A comparison of landscape categorization in Inuit-Yupik and Dene languages in Alaska

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Show simple item record Holton, Gary 2012-10-27T03:47:53Z 2012-10-27T03:47:53Z 2012-10-26
dc.description Slides from a paper presented at the 18th Inuit Studies Conference, Washington, DC, October 24-28, 2012. en_US
dc.description.abstract The landscape domain poses a significant challenge for linguistic categorization, since unlike more discrete domains such as zoology and botany, the landscape domain lacks an etic grid on which to base linguistic categories (Turk et al. 2012). Thus, it is not surprising that there is significant cross-linguistic variation in the way landscape terms are ontologized (Burenhult and Levinson 2008). While Alaska itself exhibits great diversity in landforms, a large swath of country extending from the Bering coast to the Canadian border is shared two very different language families: Inuit-Yupik and Dene. Preliminary studies of landscape terminology in these two language families suggest that Dene languages emphasize vertical features and mountain valleys, while Inuit-Yupik languages are less concerned with vertical scale and the notion of valley (Holton 2011). The current paper compares the semantics of landscape terms in Inupiaq, Yup’ik, Dena’ina, and Koyukon, four languages which are spoken along the boundary between Inuit-Yupik and Dene. In addition, the structures of Inuit-Yupik and Dene spatial orientation systems are compared. en_US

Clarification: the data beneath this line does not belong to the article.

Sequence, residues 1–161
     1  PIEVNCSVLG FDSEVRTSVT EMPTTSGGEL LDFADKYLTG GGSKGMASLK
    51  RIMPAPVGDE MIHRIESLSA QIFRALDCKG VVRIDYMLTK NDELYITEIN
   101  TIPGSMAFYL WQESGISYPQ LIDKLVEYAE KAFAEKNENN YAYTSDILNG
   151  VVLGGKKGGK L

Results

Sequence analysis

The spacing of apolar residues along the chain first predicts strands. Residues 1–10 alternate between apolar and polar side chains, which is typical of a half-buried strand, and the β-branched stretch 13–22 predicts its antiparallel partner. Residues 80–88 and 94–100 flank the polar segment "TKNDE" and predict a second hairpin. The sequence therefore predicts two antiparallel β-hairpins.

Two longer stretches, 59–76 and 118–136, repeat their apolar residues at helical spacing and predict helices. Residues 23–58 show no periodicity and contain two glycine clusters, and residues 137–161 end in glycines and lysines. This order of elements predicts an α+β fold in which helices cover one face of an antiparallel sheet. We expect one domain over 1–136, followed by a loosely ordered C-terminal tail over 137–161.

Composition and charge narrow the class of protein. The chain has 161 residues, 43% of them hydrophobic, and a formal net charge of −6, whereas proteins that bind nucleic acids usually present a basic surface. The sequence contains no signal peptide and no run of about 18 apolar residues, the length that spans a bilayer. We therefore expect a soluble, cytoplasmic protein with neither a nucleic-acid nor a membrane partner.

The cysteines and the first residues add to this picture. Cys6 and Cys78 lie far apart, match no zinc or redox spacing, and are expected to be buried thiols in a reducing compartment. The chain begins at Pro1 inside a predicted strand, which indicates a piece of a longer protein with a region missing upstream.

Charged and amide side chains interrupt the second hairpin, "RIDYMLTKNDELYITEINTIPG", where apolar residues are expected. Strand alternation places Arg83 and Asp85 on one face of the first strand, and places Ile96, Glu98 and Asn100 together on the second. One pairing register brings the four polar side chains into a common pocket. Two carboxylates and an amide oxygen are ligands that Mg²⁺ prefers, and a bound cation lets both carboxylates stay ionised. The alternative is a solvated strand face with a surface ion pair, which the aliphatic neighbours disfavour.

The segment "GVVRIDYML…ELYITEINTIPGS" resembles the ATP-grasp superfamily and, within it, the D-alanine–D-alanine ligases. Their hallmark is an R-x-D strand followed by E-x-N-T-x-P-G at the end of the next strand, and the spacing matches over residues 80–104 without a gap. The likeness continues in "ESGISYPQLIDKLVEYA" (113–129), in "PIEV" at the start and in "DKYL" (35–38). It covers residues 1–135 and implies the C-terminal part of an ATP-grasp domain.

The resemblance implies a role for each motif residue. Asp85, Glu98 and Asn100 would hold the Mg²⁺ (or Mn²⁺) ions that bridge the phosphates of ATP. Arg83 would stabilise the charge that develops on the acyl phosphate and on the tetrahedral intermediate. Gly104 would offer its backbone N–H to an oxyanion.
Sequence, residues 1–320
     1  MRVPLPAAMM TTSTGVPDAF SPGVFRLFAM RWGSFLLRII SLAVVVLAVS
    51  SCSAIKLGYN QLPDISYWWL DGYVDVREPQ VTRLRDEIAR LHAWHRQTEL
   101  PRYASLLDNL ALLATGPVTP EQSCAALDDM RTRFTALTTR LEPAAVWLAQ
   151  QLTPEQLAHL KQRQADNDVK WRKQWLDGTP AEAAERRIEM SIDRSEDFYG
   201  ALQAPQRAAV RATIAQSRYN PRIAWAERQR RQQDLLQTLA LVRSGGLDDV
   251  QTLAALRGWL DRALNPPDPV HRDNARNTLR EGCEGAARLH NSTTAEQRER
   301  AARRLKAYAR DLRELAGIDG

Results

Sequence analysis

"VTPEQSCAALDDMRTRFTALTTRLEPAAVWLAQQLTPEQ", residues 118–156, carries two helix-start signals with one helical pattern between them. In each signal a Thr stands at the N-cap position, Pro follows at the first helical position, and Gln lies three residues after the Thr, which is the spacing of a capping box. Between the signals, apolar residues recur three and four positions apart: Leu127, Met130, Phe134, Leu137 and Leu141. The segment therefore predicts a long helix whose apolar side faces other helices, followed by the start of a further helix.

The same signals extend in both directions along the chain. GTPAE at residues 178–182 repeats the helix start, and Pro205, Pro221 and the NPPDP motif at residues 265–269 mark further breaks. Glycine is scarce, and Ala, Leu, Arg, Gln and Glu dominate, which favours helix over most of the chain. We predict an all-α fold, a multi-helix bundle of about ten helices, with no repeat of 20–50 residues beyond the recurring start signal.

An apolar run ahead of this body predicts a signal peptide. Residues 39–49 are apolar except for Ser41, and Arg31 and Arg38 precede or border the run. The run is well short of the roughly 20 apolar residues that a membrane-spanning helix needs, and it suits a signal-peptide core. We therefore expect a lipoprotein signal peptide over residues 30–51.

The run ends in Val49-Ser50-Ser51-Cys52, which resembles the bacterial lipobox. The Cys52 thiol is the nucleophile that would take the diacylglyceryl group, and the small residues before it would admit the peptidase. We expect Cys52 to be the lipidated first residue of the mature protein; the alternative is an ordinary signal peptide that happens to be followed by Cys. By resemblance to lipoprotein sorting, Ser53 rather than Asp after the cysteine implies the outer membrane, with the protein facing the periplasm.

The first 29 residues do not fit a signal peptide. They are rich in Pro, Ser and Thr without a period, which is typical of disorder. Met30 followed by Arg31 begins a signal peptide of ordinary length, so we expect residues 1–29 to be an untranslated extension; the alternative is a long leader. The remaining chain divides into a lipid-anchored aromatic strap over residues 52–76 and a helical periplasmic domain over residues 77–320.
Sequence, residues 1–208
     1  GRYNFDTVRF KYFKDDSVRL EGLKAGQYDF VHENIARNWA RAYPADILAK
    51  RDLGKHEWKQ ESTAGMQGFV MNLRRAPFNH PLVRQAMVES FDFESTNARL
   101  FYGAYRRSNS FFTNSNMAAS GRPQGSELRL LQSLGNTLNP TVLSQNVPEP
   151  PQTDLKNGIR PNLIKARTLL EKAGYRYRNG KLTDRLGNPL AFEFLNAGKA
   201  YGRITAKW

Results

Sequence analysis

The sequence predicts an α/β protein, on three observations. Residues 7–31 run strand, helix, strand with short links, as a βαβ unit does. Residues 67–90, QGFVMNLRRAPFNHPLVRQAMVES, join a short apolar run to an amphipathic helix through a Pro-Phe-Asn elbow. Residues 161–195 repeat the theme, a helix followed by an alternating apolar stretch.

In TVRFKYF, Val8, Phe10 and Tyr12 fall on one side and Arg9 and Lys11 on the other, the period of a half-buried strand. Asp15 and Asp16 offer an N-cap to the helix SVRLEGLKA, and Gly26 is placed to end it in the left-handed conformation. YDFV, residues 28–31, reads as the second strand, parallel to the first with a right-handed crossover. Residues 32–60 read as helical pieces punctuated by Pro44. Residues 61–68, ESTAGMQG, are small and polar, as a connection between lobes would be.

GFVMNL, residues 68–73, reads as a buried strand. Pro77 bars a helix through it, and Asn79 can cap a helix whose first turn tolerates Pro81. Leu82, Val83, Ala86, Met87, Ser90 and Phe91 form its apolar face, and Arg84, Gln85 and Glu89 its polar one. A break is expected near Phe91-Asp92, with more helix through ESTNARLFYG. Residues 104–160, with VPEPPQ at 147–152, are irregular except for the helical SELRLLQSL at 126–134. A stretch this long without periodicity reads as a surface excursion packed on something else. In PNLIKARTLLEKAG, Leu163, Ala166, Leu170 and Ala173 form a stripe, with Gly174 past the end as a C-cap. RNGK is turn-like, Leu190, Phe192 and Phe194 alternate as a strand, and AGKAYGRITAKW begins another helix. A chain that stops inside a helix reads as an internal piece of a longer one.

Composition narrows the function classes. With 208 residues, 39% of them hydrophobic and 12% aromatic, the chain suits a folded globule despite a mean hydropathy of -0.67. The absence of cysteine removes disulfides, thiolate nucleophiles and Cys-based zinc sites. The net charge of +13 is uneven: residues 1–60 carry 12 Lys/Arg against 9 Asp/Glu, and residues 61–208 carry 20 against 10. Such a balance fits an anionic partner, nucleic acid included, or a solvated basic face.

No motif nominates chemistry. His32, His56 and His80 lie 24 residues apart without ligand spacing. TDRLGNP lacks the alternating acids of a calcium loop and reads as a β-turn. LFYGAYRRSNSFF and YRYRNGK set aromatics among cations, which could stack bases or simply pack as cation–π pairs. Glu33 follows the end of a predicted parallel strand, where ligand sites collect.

dc.language.iso en_US en_US
dc.subject Athabaskan en_US
dc.subject Dene en_US
dc.subject Inuit en_US
dc.subject Yupik en_US
dc.subject landscape en_US
dc.subject Alaska en_US
dc.title A comparison of landscape categorization in Inuit-Yupik and Dene languages in Alaska en_US
dc.type Presentation en_US

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